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Melbourne - a blog and Covid

Updated: Nov 17, 2021

"We celebrate the rich diversity of Melbourne as one of the most multicultural cities in the world. Over 150 nation groups here in significance (bearing in mind there are around only 220 countries in the world). The world is here." The World Loves Melbourne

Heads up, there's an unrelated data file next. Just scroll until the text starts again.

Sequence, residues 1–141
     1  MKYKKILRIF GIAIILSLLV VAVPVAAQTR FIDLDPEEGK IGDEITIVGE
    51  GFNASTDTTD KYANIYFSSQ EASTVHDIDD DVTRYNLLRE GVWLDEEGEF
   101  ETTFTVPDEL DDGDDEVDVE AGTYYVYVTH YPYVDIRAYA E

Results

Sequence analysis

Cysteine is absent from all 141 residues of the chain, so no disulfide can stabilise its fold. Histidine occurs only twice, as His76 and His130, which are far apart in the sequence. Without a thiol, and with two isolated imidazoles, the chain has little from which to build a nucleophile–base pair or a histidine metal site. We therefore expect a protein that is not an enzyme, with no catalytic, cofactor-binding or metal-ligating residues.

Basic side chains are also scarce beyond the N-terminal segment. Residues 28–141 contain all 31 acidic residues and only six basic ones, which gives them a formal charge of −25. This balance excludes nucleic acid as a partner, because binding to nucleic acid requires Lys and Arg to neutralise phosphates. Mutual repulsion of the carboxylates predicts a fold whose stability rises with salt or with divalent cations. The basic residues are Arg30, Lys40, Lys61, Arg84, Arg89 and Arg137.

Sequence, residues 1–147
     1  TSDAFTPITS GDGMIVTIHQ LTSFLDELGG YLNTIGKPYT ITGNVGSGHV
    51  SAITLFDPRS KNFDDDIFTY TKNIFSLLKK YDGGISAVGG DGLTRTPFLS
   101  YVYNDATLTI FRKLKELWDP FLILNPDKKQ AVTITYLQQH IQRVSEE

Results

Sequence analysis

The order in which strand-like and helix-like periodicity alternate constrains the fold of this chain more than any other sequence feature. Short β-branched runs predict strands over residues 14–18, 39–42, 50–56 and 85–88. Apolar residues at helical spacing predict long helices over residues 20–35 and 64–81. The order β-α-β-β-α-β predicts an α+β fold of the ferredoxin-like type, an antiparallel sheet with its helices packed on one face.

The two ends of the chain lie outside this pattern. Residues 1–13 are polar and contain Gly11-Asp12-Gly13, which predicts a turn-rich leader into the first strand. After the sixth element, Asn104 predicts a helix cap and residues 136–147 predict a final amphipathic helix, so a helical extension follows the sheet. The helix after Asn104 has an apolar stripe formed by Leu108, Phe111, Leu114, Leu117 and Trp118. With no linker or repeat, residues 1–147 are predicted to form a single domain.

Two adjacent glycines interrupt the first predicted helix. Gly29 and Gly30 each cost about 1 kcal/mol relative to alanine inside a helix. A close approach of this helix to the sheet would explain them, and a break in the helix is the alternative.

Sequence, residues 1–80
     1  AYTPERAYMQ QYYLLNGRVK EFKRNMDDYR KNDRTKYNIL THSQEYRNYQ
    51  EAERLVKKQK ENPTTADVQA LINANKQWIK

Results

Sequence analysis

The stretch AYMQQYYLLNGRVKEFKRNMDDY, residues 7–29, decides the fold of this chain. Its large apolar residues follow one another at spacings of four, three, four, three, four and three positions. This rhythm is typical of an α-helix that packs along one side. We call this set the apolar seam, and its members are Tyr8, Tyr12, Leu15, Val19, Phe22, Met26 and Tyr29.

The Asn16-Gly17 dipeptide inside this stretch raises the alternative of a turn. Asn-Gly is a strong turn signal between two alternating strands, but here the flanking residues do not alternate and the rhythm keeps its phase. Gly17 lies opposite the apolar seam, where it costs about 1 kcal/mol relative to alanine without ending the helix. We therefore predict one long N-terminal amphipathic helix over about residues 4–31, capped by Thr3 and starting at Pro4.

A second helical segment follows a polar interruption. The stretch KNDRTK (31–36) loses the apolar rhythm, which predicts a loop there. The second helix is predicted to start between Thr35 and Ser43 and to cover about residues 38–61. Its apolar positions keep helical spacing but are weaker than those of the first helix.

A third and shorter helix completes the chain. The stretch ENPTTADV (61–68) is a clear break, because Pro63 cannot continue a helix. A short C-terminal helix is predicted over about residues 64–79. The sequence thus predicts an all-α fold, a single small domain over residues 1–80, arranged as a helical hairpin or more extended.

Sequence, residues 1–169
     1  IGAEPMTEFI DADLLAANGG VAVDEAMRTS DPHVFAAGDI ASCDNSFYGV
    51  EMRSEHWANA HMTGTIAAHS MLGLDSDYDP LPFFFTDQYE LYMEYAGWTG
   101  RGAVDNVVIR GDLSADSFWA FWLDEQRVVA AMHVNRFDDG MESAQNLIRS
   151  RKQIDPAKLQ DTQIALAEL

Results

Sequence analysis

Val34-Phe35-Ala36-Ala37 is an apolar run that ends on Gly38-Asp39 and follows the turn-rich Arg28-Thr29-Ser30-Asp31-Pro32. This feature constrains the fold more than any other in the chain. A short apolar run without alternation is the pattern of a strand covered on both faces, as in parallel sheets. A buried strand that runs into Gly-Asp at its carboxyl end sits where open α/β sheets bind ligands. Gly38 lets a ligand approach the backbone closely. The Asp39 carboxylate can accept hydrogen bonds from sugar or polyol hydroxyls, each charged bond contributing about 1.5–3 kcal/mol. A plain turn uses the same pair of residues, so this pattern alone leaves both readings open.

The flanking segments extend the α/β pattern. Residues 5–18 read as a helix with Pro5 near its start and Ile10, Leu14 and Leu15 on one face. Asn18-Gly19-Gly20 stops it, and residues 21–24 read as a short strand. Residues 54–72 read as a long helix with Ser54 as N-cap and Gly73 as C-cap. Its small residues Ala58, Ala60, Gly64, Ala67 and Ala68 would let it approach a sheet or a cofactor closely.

Well yes the world is still here in terms of the multinational/cultural people who live here, but not in terms of the people who visit. Although today is the day that international flights into Melbourne are once again allowed. Mostly for those returning Australians I am guessing - it's a guess - not tourists. Currently safe here in our little COVID free bubble we are beginning to think about going somewhere else - I believe we can now, or imminently anyway, will be able to go to New Zealand - maybe Singapore before too long. And we are certainly travelling around Australia. When I tried to book a holiday in Port Douglas I found that June/July was booked up and September/October almost was too. Many of our friends have packed their belongings and are off travelling here and there and not returning any time soon. Such is the travel lust of Melburnians. We do love Melbourne, but we also like to travel. My travel agent told me that not only are people booking holidays for next year but they also are booking for 2023. Which shows a wonderful sense of optimism does it not?